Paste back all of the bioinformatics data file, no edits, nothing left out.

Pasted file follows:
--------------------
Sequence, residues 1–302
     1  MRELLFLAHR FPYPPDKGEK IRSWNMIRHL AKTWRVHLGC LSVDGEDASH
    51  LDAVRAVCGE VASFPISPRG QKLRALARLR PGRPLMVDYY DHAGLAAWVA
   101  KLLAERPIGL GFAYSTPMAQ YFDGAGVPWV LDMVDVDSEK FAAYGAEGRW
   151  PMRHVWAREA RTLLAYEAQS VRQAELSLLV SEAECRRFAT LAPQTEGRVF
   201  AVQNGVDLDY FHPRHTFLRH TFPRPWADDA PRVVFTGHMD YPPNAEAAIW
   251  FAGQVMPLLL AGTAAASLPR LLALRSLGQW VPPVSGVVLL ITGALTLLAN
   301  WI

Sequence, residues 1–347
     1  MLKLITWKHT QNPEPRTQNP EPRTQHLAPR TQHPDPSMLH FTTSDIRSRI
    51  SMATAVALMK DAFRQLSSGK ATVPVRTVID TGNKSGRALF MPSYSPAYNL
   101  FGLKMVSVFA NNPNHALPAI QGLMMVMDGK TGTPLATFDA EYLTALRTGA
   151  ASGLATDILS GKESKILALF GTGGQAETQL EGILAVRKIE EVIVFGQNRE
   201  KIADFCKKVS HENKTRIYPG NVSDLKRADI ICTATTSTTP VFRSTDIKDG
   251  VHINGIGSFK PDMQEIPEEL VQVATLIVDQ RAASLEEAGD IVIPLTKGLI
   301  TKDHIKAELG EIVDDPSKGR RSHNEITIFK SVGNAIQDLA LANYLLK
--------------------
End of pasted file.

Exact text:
Sequence, residues 1–302
     1  MRELLFLAHR FPYPPDKGEK IRSWNMIRHL AKTWRVHLGC LSVDGEDASH
    51  LDAVRAVCGE VASFPISPRG QKLRALARLR PGRPLMVDYY DHAGLAAWVA
   101  KLLAERPIGL GFAYSTPMAQ YFDGAGVPWV LDMVDVDSEK FAAYGAEGRW
   151  PMRHVWAREA RTLLAYEAQS VRQAELSLLV SEAECRRFAT LAPQTEGRVF
   201  AVQNGVDLDY FHPRHTFLRH TFPRPWADDA PRVVFTGHMD YPPNAEAAIW
   251  FAGQVMPLLL AGTAAASLPR LLALRSLGQW VPPVSGVVLL ITGALTLLAN
   301  WI

Sequence, residues 1–347
     1  MLKLITWKHT QNPEPRTQNP EPRTQHLAPR TQHPDPSMLH FTTSDIRSRI
    51  SMATAVALMK DAFRQLSSGK ATVPVRTVID TGNKSGRALF MPSYSPAYNL
   101  FGLKMVSVFA NNPNHALPAI QGLMMVMDGK TGTPLATFDA EYLTALRTGA
   151  ASGLATDILS GKESKILALF GTGGQAETQL EGILAVRKIE EVIVFGQNRE
   201  KIADFCKKVS HENKTRIYPG NVSDLKRADI ICTATTSTTP VFRSTDIKDG
   251  VHINGIGSFK PDMQEIPEEL VQVATLIVDQ RAASLEEAGD IVIPLTKGLI
   301  TKDHIKAELG EIVDDPSKGR RSHNEITIFK SVGNAIQDLA LANYLLK